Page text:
In the months after Mick Mulvaney's November 2017 appointment as acting director of the Consumer Financial Protection Bureau, several states said they would develop similarly functioning divisions.
Though those states were already active in auto regulation, the fledgling divisions have set their sights on dealer operations.
Many car dealers believed that when President Donald Trump appointed a Republican to head the CFPB — Kathy Kraninger was confirmed as the bureau's permanent director in December — "that compliance was going to take a back seat and be left on the shelves," said Randy Henrick, compliance counsel at Mosaic Compliance Services. With less CFPB oversight, "quite a few dealers are being lulled into a false sense of security."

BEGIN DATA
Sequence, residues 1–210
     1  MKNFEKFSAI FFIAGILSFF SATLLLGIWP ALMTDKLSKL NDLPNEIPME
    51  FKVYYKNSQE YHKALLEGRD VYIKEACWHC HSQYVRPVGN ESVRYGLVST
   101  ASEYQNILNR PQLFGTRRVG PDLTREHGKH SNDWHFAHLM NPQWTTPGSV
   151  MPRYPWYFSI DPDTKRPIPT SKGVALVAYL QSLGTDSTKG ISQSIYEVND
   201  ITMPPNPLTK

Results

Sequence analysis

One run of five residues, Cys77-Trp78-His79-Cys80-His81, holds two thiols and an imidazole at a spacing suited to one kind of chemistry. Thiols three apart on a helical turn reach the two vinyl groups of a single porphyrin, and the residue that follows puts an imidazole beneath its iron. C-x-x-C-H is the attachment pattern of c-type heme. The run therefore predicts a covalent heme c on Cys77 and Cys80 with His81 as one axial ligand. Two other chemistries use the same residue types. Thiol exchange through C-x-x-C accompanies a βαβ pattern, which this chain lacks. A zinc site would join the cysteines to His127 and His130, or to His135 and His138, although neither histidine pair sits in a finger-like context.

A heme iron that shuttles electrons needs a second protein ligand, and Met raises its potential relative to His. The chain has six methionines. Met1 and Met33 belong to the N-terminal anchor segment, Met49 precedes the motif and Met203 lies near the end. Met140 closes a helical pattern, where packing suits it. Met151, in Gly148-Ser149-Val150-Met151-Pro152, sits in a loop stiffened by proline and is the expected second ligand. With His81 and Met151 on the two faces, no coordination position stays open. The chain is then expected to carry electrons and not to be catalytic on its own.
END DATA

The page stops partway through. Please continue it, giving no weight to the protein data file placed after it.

Auto retail operations in states with consumer financial protection divisions are likely to experience an uptick in activity, Henrick said, because auto dealers are low-hanging fruit for regulators. Auto retail remains lucrative, he said, and it's rare to find businesses that are 100 percent compliant.
"I've had one dealer tell me he gets a visit every quarter from the state attorney general representative, and his first question to him is, 'OK, how much of a check do I have to write you for this month?' " Henrick said. "It's gotten to the point now where it's beyond the cost of doing business. I haven't seen a consent decree of less than $100,000 in a while."